This is a review of a very inexpensive Quick Change Tool Post (QCTP) set for 7x mini-lathes that can be purchased on Ebay for about $38 (including shipping). It is considerably less expensive than similar size QCTPs that you can find on LittleMachineShop.com and Amazon that cost about $135 to $155 plus shipping.
I purchased it because the cut-off blade holder for my 10-year old A2Z CNC QCTP had broken and I needed another one ASAP. I didn’t have time to fix it and I couldn’t buy a replacement because the company has gone out of business. My set was on loan to the SparX 1126 FIRST Robotics Team, where I am a mentor, and it was getting heavy use because we were in the middle of the build season.
So, when I came across this cheap QCTP set on eBay I decided to take a chance and buy it for the team. The same set is sold by many eBay vendors and I chose this one and paid a higher price, $45, because they were promising delivery sooner than most other vendors and the seller has a high rating. It was delivered six days after I ordered it.
It’s manufactured in China and it comes with four tool holders – two identical holders for turning and facing bits, a ⅜-inch boring bar holder and a holder for ½-inch cut-off blades. The tool post is made almost entirely from hard anodized aluminum and the tool holders are made of steel. In comparison, the $135 QCTP that Little Machine Shop sells for 7x lathes is made entirely of steel and it includes an additional holder that can knurl in addition to hold another tool bit.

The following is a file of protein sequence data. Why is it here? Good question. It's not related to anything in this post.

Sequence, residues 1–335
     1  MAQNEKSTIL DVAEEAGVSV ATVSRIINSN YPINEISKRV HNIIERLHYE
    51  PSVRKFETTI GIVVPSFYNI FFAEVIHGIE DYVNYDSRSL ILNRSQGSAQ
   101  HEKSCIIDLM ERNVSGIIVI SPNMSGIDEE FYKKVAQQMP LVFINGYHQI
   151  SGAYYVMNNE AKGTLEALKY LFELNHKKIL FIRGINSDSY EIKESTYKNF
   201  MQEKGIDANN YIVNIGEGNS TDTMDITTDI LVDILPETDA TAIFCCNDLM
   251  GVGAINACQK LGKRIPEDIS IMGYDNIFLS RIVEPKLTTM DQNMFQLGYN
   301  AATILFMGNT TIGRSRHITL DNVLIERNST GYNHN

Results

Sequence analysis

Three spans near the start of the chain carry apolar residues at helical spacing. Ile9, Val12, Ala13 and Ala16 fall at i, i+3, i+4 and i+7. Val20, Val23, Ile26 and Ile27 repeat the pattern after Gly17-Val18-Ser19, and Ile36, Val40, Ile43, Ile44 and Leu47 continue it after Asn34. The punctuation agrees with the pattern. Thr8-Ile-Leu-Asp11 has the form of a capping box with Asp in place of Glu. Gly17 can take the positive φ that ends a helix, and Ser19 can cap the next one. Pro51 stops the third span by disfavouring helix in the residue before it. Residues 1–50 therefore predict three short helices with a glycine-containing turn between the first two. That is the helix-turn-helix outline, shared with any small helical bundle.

I think the extra mass, strength, and rigidity that comes with steel construction is very desirable. However, I’m not sure you’ll notice much of a difference on small lightweight lathes likes the 7x. So don’t automatically pass on this cheap Chinese QCTP unless cost is not a consideration or you’re using your lathe for production or something that regularly pushes its limits.
My A2Z QCTP set, which I’ve been very happy with, is also made of hard anodized aluminum but it was obviously made with much more care than the one I just bought. The fit and finish of the new tool holders is very good. But the tool post parts have tooling marks, a rough “matte” finish and nicks on the edges and corners that show it wasn’t handled with much care after it was machined. And that makes me wonder if the tool post is really hard anodized like they claim it is.
In addition to the tool post and four tool holders, the set included two steel bolts (M10 & M8) for mounting the post to a lathe and a couple of Allen wrenches. The larger bolts are obviously for mounting the post to the typical 7×10, 7×12 or 7×14 Chinese made mini-lathe sold by Harbor Freight, Grizzly, LittleMachineShop and many others. I’m guessing that the smaller bolt is probably for mounting it on other lathes. But you’re not going to be able to use it unless you make a bushing so the smaller bolt will fit the center hole of the tool post.